Springsure mine one step closer

After multiple trips to Korea to woo power corporations to buy its Springsure Creek coal, the company last week signed a non-binding agreement with Korea’s Midland Power Company.

The next day, the Queensland government announced the environmental impact statement (EIS) for the project has been allowed to proceed.

That decision means Bandanna’s response to submissions made in relation to the EIS was adequate and that all appropriate amendments have been made. The Department now has 30 business days to prepare its EIS assessment report.

Many eyes are on the Springsure project, which will be the first site in Australia to operate as an underground mine with cropping on top.

Rockhampton councillor Neil Fisher told Shift Miner he was watching this with interest, and Bandanna Energy was one of several mining companies looking outside the box and wanting to coexist with agriculture.

“Being able to do grazing or cropping while mining underground is exciting, and Bandanna are not the only ones [looking at it],” he said.

“I did some preliminary work with some of the Galilee people and they were going over the land, and using a GPS to lock out land right from the start that appeared sensitive.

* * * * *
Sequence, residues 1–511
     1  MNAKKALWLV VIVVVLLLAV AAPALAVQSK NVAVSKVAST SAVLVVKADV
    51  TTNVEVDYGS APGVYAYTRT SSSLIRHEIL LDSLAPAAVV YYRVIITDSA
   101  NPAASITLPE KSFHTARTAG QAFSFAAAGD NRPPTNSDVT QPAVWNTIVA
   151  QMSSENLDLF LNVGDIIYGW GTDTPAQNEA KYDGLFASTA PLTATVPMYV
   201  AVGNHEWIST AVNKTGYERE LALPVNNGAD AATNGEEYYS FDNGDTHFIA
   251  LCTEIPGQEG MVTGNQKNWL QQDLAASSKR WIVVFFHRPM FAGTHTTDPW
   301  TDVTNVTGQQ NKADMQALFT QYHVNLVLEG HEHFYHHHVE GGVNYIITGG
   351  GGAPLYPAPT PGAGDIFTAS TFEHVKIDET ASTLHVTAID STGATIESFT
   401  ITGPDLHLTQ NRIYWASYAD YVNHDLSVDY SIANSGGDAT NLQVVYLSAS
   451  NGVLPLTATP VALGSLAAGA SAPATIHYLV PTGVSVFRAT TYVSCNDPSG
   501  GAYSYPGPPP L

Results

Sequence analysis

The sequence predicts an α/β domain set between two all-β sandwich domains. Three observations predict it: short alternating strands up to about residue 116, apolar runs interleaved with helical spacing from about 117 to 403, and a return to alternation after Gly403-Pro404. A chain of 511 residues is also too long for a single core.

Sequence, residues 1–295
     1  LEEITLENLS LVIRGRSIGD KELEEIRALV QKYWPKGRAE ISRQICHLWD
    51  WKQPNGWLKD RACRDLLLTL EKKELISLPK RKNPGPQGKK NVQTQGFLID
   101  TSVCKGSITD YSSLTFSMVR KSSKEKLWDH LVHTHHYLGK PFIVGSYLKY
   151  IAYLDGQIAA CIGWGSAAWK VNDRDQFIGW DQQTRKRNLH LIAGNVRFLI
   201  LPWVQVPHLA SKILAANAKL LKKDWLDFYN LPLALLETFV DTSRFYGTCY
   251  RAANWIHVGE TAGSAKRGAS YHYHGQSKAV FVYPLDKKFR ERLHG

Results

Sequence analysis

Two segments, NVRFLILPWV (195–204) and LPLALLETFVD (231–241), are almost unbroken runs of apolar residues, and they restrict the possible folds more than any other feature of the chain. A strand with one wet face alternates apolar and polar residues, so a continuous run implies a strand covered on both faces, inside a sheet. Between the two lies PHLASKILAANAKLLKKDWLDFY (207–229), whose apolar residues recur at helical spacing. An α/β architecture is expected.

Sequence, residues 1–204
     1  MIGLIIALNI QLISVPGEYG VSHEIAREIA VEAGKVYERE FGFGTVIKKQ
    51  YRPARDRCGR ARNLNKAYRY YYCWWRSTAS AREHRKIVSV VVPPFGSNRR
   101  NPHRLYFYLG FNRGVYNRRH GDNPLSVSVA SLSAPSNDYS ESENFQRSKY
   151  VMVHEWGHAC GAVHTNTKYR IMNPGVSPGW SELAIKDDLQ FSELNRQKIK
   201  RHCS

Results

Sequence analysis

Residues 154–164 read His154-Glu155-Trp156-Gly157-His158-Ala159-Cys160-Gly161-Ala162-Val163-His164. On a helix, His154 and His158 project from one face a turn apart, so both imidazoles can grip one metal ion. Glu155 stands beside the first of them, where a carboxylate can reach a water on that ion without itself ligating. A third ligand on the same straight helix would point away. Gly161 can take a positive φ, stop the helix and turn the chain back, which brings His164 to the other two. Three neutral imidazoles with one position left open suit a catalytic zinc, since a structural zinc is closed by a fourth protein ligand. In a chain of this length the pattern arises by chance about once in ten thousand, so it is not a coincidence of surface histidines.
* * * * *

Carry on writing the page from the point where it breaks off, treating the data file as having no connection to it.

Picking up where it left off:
“Then we have Linc Energy, which has made bluegrass preservation one of its high achievements,” Cr Fisher said.

Bandanna Energy’s managing director Michael Gray has actually pushed for higher standards to better maintain productivity of prime agricultural lands.

Mr Gray told Shift Miner recently the company was having good discussions with farmers to understand the mechanics of farming and to know the areas of concern, and it had set up an independent agricultural research committee.

“One of the real opportunities is to make sure there is a real flow of information, so we can really understand and scope the project and understand its impact.

“It’s not rocket science – it’s about making sure we have an open dialogue and that we’re transparent in our answers.”

There are five properties in the lease area of the mine; one has been purchased and the company is in discussions with the others about acquisition or compensation.

Meanwhile, Mr Gray said Bandanna Energy continued to be in discussions with other companies from Japan, Korea and China, where demand for thermal coal for power generation was predicted to more than double in the next decade.

“We’re confident of our long-term outlook and the lack of quality projects in the future puts us in a good position.”

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